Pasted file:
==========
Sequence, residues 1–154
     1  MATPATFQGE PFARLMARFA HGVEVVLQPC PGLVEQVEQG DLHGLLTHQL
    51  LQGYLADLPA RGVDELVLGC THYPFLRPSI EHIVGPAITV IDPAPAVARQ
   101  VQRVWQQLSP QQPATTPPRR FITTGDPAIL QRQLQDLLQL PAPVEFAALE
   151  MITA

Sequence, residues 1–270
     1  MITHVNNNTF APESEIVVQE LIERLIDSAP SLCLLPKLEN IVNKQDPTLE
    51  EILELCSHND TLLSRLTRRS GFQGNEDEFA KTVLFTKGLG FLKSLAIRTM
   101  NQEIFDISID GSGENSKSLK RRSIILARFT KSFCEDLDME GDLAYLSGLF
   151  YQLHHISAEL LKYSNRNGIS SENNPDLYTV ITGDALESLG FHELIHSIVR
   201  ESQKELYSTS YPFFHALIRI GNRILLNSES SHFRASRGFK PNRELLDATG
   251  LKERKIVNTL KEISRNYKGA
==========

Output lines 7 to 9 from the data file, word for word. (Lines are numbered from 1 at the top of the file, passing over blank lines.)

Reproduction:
     1  MITHVNNNTF APESEIVVQE LIERLIDSAP SLCLLPKLEN IVNKQDPTLE
    51  EILELCSHND TLLSRLTRRS GFQGNEDEFA KTVLFTKGLG FLKSLAIRTM
   101  NQEIFDISID GSGENSKSLK RRSIILARFT KSFCEDLDME GDLAYLSGLF